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What is a Still Point?
One of these days I will introduce you to a powerful influence of mine, T. S. Eliot, but right now is no time to get side-tracked.
Suffice to say he is considered by many English Literature scholars to be the most important poet of the twentieth century.[i]
The reason, I believe, he is an important voice worth listening to is because he goes into uncomfortable and yet deeply important topics intended to help us navigate life.[ii]
He didn’t invent the concept of the still point, but he certainly appropriated it. Because his use of words and phrases is difficult to grasp at first, let me describe what he was saying.
Eliot spoke of a “still point of the turning world,” meaning that all of us living on this globe are in motion, but also that there is a center point where no motion exists.
He said none of this involves man. We didn’t start it. We can’t stop it. We can’t even influence it. The world turns and at its center is a still point. But he isn’t referring to the physical center of the earth. It isn’t about that kind of “fact.” Instead he is using this picture to describe our lives as constantly in motion from birth to death. Now that’s certainly an interesting idea, but not a remarkable one.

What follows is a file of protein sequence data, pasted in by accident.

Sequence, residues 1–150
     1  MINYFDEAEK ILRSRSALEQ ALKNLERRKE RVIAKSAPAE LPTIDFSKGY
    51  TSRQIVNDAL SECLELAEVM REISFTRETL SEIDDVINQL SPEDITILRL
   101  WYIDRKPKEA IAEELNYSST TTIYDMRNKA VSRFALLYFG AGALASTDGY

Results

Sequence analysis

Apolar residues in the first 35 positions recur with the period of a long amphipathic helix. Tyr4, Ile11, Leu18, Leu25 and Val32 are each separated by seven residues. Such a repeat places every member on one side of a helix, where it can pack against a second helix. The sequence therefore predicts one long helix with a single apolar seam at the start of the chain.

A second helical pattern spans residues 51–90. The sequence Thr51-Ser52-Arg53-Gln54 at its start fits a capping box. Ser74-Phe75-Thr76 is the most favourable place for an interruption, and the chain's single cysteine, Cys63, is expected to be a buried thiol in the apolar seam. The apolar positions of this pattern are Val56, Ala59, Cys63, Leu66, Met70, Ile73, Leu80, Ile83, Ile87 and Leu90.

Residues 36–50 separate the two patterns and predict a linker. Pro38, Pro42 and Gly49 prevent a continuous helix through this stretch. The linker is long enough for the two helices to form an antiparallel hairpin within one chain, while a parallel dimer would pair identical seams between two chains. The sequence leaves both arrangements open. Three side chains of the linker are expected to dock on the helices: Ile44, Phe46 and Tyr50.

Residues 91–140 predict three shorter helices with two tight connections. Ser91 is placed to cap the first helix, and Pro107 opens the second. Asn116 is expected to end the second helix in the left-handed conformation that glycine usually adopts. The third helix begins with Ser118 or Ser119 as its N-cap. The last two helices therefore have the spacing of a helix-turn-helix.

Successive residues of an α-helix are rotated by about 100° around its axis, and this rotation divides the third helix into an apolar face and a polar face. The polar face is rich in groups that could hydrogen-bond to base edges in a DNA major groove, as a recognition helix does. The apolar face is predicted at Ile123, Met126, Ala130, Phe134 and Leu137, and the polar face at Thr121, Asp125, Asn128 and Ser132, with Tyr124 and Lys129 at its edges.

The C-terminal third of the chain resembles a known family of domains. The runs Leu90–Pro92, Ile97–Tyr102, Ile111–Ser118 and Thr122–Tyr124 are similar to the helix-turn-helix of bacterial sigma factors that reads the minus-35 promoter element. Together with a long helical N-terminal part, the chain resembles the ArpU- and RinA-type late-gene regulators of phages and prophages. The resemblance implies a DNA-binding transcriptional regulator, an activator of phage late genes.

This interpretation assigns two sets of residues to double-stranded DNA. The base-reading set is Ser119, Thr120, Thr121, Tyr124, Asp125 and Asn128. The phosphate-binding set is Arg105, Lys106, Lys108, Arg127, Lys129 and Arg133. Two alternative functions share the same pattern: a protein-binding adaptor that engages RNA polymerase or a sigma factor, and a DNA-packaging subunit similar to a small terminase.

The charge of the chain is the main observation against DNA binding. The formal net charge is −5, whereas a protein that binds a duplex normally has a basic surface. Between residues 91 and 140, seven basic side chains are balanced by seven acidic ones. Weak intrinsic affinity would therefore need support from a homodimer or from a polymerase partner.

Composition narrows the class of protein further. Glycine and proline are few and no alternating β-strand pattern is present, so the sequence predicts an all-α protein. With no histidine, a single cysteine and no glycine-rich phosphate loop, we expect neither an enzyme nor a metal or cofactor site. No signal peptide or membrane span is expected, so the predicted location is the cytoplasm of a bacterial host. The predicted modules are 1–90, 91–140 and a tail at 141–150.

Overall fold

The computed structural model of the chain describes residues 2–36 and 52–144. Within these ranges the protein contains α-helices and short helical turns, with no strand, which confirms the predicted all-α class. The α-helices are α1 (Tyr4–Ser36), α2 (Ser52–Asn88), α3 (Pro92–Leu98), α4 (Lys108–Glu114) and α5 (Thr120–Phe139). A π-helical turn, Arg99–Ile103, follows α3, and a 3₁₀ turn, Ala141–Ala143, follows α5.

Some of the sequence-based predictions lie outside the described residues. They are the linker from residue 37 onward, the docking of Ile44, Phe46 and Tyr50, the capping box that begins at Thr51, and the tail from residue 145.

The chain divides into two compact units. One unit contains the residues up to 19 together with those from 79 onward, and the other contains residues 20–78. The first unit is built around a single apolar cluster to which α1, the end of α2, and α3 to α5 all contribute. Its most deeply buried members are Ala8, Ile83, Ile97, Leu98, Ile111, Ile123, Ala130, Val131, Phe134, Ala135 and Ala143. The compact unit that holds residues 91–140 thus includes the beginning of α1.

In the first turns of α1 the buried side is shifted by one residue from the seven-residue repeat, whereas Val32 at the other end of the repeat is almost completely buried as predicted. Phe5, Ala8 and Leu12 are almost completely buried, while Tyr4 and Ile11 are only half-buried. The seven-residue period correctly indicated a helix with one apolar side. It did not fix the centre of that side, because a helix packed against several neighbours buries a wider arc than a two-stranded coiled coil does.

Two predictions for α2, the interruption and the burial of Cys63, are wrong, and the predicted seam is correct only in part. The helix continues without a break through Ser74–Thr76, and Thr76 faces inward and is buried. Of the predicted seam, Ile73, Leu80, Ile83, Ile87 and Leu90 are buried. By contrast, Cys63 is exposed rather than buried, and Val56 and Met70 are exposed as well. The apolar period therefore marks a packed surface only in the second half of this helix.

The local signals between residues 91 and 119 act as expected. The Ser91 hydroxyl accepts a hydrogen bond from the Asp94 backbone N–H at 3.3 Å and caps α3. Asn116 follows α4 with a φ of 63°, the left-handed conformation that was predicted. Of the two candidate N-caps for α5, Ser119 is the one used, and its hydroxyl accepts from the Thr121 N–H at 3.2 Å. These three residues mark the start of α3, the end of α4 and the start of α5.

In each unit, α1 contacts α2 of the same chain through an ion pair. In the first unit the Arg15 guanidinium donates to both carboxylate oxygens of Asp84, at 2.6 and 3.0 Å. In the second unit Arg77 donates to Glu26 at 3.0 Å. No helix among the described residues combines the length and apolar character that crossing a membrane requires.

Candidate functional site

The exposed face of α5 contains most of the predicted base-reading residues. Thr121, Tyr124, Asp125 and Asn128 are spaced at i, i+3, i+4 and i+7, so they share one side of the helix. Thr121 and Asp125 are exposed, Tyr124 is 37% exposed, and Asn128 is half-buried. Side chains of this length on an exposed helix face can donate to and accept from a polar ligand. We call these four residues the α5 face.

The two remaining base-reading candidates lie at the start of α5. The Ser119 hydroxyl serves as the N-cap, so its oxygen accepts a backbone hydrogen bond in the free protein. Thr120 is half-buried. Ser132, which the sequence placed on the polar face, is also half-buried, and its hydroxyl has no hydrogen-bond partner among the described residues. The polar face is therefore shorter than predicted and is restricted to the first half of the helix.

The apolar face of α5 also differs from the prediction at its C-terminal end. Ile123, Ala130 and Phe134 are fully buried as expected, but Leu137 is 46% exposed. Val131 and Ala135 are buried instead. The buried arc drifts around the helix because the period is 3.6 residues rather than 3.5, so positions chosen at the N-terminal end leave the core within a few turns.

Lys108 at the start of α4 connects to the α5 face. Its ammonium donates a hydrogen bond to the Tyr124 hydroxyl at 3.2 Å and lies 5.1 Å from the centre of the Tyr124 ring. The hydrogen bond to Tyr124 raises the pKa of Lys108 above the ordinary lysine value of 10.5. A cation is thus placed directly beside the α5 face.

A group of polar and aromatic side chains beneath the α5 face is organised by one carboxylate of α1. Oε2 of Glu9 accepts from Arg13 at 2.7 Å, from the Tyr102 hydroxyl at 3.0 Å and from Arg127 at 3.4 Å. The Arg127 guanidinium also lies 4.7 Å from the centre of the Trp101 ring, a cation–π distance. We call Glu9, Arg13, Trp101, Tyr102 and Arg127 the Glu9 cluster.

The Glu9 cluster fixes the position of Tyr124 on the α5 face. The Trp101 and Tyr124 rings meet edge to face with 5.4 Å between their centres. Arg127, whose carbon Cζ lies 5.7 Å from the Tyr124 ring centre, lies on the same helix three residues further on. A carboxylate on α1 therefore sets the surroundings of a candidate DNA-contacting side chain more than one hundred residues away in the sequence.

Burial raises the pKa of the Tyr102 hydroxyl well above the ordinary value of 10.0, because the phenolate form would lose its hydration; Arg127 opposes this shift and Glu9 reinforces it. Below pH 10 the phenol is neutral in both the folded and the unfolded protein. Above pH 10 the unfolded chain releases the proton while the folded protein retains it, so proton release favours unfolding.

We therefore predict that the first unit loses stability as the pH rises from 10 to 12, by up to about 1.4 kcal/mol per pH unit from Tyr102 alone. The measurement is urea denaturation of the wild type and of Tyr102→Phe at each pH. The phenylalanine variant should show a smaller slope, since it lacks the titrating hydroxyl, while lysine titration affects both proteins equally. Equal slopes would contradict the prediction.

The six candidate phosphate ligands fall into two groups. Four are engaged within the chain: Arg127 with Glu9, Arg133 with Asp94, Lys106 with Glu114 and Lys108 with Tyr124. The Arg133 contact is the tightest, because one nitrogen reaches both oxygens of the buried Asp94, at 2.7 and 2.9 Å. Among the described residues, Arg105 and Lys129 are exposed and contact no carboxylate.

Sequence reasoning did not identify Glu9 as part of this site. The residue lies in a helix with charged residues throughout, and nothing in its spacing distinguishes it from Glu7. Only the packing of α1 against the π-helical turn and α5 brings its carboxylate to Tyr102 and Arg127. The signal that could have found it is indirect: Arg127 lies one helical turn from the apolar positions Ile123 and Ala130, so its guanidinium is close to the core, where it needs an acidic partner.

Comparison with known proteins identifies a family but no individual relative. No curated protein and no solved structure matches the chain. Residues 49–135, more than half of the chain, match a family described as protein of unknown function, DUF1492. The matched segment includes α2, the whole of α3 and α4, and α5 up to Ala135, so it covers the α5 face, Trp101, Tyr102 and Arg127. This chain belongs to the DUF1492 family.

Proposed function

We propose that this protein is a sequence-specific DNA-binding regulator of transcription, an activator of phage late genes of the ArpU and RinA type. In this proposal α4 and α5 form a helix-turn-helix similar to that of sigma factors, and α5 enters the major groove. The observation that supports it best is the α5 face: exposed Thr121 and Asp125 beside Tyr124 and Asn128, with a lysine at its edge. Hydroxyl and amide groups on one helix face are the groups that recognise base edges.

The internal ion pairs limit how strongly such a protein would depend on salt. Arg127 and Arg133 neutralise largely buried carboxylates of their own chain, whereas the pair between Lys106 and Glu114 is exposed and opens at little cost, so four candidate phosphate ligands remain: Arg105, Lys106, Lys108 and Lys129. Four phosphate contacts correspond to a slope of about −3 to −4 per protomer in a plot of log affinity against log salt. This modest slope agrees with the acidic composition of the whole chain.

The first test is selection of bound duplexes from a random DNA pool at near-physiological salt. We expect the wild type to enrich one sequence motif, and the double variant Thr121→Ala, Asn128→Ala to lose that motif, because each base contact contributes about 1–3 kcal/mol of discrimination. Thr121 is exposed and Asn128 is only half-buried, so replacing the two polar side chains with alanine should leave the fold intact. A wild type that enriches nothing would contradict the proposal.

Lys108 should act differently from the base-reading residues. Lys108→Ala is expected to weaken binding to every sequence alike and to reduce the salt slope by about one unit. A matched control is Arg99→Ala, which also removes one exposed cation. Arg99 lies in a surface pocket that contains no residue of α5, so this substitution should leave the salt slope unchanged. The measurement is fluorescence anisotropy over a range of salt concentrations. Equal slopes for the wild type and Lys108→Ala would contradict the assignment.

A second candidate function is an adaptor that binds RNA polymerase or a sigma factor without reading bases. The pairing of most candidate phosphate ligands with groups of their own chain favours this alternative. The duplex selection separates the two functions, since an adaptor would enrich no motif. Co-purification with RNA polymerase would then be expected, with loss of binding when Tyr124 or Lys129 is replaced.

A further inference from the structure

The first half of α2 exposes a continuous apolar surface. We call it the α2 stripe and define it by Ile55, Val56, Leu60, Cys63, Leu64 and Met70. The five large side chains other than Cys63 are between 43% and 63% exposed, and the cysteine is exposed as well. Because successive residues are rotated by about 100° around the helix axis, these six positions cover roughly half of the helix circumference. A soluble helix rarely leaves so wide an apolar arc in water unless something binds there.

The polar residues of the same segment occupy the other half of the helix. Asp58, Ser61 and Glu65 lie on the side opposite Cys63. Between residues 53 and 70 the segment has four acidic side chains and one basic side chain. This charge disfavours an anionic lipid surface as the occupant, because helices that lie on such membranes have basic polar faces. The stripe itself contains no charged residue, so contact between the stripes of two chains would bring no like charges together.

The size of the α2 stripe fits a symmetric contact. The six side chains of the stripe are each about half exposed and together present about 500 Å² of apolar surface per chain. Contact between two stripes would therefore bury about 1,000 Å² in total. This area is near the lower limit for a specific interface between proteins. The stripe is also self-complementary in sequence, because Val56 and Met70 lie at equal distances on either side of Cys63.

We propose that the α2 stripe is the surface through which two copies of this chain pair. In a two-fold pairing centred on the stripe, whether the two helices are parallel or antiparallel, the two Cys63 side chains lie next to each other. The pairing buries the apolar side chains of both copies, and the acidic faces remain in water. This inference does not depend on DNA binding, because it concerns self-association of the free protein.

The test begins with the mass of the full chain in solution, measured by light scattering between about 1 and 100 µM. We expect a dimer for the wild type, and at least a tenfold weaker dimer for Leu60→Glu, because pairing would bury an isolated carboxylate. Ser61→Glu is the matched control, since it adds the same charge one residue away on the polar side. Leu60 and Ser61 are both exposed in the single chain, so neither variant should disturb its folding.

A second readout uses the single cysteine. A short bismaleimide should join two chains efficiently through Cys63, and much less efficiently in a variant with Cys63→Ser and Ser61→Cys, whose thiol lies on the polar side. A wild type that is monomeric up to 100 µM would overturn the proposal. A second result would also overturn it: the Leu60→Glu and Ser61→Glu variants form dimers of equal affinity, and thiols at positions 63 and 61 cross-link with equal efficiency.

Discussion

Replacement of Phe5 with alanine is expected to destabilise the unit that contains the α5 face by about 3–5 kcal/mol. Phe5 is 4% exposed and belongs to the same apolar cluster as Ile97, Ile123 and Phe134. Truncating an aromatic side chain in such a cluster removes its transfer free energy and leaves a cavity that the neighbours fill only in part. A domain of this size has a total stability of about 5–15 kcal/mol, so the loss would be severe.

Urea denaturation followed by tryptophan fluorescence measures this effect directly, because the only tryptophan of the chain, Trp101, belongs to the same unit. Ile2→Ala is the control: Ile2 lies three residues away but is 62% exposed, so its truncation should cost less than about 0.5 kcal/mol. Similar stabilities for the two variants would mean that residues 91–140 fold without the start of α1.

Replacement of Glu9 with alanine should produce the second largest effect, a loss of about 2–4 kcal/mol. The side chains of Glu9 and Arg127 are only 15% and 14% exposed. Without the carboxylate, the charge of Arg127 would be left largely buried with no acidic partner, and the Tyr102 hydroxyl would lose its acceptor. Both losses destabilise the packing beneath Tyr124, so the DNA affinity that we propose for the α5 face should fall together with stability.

So Eliot then takes this idea of a motionless point around which everything moves in time and space and he says, “…at the still point, there the dance is…” and then he goes on to say, “Except for the point, the still point, There would be no dance, and there is only the dance.”[iii]
[i] If you have the margin and the interest, do look into TS Eliot, but it isn’t important for our time together whether or not you do.
[ii] Note, I didn’t just say reading because poetry is more than words, it’s sounds and rhythm as well.
“At the still point of the turning world. Neither flesh nor fleshless; Neither from nor towards; at the still point, there the dance is, But neither arrest nor movement. And do not call it fixity, Where past and future are gathered. Neither movement from nor towards, Neither ascent nor decline. Except for the point, the still point, There would be no dance, and there is only the dance.”
T.S. Eliot, Four Quartets, Quartet No. 1: Burnt Norton.